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But What Exactly Does Multicultural Mean?

Where I grew up in Perth, in Western Australia, the mix of ethnicities was such that it wasn’t until a much older age, perhaps in a history class, or perhaps reading something that I had stumbled upon, that I learned that it hadn’t always been like that. My country in fact, which nowadays prides itself on its multicultural nature (both in terms of cultural and linguistic diversity), had not always been that way. That in fact it only recently that our demographics had diversified to what they are today, and that previous to that, they presented a much less diverse nation. The history of immigration into Australia follows a complicated path that does not inspire much pride in a contemporary Australian such as myself, however, history has its place of importance regardless of whether or not we like to remember it.

The first inhabitants of Australia were the Australian Aboriginals, arriving in Australia upwards of 50,000 years ago at a the most recent estimations. Our country at this point went a very long time without immigration, with only occasional contact with the known world, including the occasional visit from a Dutch ship blown off course. The Dutch however, and likewise the French, must not have liked the look of our sunburnt country as they left as quickly as they arrived. This meant that recent immigration did not begin until, much like America, overpopulated Britain decided to punish criminals by sending them halfway around the world with no hope of ever getting home. Hopeful settlers followed the establishment of Sydney as a penal colony, and immigration has not ceased from that point on.

However, despite a multicultural society of which we are proud today, our history does not reflect this tendency. One of the more obscene policies of Australian immigration came into fruition in 1901, during the Federation of Australia. The ‘White Australia Policy’, not a proud moment of our history, attempted to dispel racial tensions that had arisen by restricting immigration, which they did in the form of a language test, the language of which was chosen by the test administrator from amongst any European language in order to block the admittance of any ‘unwanted’ immigrant. The ‘White Australia Policy’ dates from just after our first early influx of immigrants that were not coming from Britain. The gold-rush, spurred by the discovery of gold in New South Wales, resulted in over 40, 000 Chinese men and women arriving with the dream of striking lucky, along with an influx of hopefuls from many other countries around the world.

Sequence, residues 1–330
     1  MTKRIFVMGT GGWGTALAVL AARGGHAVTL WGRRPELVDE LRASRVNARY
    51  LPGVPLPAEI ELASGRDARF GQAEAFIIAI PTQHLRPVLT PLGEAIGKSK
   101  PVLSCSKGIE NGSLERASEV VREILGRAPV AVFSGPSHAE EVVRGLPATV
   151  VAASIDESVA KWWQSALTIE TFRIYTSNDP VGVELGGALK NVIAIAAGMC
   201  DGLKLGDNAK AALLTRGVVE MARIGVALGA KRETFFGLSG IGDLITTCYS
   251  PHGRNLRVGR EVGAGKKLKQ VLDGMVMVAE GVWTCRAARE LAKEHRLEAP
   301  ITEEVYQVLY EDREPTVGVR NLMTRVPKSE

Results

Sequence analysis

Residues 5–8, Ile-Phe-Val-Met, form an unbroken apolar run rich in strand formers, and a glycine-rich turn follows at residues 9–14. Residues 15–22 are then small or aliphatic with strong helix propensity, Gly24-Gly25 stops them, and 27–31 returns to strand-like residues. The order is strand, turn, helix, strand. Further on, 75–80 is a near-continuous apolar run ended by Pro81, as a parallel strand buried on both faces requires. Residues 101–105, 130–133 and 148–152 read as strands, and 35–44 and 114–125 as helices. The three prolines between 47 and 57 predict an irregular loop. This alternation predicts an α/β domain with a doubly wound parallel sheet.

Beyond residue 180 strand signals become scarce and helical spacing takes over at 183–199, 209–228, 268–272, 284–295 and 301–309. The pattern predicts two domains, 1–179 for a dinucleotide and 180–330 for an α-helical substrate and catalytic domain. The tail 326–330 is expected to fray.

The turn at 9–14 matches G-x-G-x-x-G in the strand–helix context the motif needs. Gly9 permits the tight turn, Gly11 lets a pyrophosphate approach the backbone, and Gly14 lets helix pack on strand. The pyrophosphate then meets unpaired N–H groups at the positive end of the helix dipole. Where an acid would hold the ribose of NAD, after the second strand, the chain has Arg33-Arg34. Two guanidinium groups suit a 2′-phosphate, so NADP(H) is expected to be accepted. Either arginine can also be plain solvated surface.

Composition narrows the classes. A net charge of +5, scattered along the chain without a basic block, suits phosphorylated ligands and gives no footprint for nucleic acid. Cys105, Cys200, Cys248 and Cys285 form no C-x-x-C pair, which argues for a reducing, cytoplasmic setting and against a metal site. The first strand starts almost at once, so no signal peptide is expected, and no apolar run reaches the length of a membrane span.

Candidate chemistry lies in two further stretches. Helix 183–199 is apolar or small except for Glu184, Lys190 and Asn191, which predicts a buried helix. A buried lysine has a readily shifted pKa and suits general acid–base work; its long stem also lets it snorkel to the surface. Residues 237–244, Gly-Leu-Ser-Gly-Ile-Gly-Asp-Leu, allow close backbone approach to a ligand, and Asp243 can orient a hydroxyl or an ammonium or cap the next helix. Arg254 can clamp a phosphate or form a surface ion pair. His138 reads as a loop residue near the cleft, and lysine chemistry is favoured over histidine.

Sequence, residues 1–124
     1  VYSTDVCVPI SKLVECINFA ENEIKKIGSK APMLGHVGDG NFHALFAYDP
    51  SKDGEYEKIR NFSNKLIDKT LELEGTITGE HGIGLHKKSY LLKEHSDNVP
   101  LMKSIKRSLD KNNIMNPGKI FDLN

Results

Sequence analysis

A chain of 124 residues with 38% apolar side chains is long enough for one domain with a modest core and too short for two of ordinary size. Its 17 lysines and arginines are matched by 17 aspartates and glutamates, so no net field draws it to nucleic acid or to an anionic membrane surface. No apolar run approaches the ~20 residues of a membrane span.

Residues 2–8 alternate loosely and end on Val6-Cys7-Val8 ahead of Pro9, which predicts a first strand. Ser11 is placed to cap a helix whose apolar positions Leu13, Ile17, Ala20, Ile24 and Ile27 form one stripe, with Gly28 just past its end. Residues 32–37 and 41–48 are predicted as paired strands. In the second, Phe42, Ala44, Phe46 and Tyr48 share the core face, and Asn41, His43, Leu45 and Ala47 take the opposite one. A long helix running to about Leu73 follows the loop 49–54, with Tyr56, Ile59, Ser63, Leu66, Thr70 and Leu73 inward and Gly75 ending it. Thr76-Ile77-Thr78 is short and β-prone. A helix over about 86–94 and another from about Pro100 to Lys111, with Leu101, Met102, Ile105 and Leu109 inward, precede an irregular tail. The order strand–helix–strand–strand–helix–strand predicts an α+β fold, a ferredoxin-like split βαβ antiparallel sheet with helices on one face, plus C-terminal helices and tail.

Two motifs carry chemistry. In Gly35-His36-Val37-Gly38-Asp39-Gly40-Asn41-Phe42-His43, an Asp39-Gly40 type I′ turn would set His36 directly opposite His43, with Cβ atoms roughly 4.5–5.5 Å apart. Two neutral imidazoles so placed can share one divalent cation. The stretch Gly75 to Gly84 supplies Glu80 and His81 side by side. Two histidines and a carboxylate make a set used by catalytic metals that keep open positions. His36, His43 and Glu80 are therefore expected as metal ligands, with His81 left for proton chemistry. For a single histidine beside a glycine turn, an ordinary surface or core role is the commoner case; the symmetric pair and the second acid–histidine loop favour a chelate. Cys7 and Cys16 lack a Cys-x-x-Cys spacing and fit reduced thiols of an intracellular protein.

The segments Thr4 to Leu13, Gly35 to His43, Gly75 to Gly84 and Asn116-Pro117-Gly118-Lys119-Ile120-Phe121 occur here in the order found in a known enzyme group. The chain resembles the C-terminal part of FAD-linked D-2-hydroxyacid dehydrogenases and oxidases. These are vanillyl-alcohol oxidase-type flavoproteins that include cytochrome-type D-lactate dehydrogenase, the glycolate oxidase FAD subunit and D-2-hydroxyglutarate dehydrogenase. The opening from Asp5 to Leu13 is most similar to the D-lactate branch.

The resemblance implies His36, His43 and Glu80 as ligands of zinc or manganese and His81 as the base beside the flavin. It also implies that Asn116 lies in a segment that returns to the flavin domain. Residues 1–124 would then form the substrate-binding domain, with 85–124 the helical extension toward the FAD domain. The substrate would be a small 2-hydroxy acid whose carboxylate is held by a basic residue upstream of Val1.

This unfortunate policy didn’t reach it’s end until World War II, when the many Australian Aboriginals, Papua New Guineans, Torres Strait Islanders and Timorese, who served alongside those of European descent during the war, brought the racial discrimination to the fore and finally triggered an effect. However, it was not only an overdue awakening to the corrections that needed to be made to policies, but also fear that inspired a change. There was a large degree of fear left in the wake of bombings and the threat of invasion of a very small, and vulnerable population in a very large and unprotected country during the war. “Populate or Perish” was the slogan of the day, and triggered the relaxing of the previously restricting policy. Sadly it wasn’t until the sixties that this policy was dismantled completely, from which point onwards immigration has hugely diversified resulting in the Australia of today, where over a quarter (26%) of Australia’s population was born overseas and a further one fifth (20%) have at least one overseas-born parent. The realisation that my parents were born into a country in many ways much unlike the one that I think as my home still scares me a little.

Despite progress in the right direction however, it would be foolish to think that we, much like many other countries, have arrived upon the ideal policies when there is such a gap between what is ideal, and what is instituted. Problems of today relate more to refugees than to immigrants in general. A few weeks ago, in Jackson Plaza in front of the Willamette Hatfield library, a fence had been set up to display the two sides of the argument for allowing entry into the country for any and all immigrants. These arguments were all too familiar to me, even if the countries involved were different. Many of us like to think that we have grown up to be open minded and socially conscious people, and although there are a large number of us that believe strongly in open immigration policies that would allow countries that have the means to share these with those that do not, the fact remains that we are not yet at a point where this is the case.

But who knows. Maybe one day my children will grow up and when they read about the policies of today, maybe they too will not be able to believe how things were when I was growing up. We can only hope.

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